The purpose of this study was to explore perceptions of unintended adolescent pregnancy as associated with level of neoliberal beliefs and type of contraceptive problem. Northeastern U.S. undergraduate college students (N = 72) completed a measure of neoliberal beliefs and were randomly assigned to read about a couple that became pregnant after contraceptive non-adherence or a contraceptive accident. As expected, observers with greater neoliberal beliefs perceived an unintended adolescent pregnancy as more controllable than those with lesser neoliberal beliefs. Additionally, a pregnancy following a contraceptive accident was perceived as less controllable and elicited more sympathy than a pregnancy following contraceptive non-adherence. These findings suggest perceptions of unintended adolescent pregnancy are both context-dependent and related to the observer’s level of neoliberal beliefs. This knowledge can be applied to promote the well-being of pregnant and parenting adolescents in social service, clinical, and school settings through increased awareness and improved attitudes toward these individuals.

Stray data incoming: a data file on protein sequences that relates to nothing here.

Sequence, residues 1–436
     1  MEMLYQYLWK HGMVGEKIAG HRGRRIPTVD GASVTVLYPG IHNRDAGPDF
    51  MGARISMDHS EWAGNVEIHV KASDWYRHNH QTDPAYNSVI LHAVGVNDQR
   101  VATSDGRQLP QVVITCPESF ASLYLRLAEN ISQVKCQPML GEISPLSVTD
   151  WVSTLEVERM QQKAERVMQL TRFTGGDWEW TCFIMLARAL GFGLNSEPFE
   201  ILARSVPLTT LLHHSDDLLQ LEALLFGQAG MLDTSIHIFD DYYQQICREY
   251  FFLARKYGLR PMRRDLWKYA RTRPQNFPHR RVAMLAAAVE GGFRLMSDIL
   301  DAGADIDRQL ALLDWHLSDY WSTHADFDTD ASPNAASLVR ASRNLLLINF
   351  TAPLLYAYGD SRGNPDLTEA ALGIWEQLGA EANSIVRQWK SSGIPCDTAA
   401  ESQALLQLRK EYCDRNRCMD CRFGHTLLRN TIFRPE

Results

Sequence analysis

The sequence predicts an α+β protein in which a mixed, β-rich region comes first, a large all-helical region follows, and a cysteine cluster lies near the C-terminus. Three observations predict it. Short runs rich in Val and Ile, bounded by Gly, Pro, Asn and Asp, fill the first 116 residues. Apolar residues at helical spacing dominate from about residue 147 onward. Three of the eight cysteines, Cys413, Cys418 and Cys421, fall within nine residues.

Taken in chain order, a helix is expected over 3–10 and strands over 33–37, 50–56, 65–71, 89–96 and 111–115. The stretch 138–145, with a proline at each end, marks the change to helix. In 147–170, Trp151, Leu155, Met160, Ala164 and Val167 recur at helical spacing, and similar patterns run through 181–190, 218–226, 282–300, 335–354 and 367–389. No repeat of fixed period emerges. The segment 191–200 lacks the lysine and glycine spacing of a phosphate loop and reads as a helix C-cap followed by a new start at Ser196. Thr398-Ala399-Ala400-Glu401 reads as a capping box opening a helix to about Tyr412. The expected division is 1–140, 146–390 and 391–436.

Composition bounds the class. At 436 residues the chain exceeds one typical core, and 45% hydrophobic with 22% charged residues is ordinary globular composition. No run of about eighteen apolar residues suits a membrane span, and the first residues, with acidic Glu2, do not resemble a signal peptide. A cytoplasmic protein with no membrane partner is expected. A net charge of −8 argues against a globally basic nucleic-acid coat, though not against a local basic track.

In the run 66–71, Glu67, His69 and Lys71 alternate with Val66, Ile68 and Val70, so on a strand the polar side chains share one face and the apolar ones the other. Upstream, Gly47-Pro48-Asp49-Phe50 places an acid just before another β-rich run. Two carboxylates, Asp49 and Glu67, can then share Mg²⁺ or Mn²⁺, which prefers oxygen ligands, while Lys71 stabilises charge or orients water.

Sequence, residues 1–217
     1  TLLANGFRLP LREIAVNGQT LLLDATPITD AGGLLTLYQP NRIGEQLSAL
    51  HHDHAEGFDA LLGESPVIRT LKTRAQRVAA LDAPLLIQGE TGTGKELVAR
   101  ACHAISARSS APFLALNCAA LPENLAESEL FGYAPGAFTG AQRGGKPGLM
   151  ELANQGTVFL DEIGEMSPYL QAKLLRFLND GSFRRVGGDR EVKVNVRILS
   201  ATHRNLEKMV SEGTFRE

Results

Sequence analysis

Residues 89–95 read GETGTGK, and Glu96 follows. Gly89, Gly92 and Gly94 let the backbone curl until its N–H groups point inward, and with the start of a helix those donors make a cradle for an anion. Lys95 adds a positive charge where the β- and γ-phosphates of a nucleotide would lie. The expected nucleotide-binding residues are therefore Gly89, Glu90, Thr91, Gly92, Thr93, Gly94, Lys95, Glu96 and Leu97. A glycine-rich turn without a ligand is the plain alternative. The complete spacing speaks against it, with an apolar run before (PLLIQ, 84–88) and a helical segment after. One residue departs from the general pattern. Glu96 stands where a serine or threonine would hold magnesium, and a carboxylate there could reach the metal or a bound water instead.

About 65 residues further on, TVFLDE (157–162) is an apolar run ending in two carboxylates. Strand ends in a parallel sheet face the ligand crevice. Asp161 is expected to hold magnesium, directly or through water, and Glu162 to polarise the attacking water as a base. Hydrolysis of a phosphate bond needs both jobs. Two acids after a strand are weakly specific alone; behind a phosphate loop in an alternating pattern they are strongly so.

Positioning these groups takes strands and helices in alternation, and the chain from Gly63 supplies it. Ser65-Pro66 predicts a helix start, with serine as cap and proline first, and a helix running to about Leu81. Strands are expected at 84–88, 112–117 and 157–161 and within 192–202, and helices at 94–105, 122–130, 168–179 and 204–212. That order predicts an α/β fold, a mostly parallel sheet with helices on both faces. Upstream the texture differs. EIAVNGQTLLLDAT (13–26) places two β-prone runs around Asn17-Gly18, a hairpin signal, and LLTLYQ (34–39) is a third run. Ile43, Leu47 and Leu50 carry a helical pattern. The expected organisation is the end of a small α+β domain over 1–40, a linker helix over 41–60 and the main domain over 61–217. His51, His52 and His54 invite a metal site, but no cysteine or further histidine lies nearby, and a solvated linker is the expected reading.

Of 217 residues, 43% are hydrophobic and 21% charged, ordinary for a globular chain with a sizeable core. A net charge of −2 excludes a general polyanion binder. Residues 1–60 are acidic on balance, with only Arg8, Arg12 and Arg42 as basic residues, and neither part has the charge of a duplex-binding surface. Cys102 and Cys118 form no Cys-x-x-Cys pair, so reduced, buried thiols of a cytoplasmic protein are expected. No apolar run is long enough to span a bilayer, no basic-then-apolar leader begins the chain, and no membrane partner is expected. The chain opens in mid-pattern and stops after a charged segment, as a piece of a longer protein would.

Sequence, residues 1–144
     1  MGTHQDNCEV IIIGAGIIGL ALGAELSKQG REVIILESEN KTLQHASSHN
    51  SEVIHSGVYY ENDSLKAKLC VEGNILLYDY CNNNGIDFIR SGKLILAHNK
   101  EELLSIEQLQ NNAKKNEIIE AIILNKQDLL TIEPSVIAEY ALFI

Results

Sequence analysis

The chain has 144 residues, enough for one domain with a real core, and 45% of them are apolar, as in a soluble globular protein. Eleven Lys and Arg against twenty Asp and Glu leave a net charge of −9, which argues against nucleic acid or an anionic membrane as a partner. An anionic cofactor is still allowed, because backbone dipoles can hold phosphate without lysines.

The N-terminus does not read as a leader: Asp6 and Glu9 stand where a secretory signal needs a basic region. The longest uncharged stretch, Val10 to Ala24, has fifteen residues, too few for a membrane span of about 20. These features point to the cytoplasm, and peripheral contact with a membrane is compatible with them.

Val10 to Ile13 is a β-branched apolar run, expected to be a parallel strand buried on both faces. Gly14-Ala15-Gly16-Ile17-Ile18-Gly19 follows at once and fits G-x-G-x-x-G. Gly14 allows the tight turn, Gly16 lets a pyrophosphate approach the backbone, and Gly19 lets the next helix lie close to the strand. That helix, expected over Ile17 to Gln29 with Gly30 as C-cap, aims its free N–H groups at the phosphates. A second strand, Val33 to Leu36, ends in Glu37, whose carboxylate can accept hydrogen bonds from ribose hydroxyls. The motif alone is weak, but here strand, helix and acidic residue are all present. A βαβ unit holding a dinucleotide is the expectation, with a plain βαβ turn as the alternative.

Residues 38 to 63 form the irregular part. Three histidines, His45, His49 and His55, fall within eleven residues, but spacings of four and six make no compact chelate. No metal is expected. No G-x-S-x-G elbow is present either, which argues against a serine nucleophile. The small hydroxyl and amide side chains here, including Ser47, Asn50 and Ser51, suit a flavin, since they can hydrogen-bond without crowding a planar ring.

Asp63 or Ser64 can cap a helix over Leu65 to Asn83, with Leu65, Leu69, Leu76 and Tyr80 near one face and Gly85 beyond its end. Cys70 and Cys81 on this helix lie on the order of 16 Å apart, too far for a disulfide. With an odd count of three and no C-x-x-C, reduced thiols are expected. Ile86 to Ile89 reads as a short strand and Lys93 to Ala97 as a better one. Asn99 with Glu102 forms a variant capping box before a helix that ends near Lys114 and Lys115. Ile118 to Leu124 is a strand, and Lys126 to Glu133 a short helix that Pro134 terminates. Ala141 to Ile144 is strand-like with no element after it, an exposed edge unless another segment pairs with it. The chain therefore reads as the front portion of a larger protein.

O’Brien, Caroline and Katz, Jennifer
"Perceptions of Unintended Adolescent Pregnancy: Associations with College Students’ Neoliberal Beliefs and Type of Contraceptive Problem,"
Proceedings of GREAT Day: Vol. 2017, Article 1.
Available at: https://knightscholar.geneseo.edu/proceedings-of-great-day/vol2017/iss1/1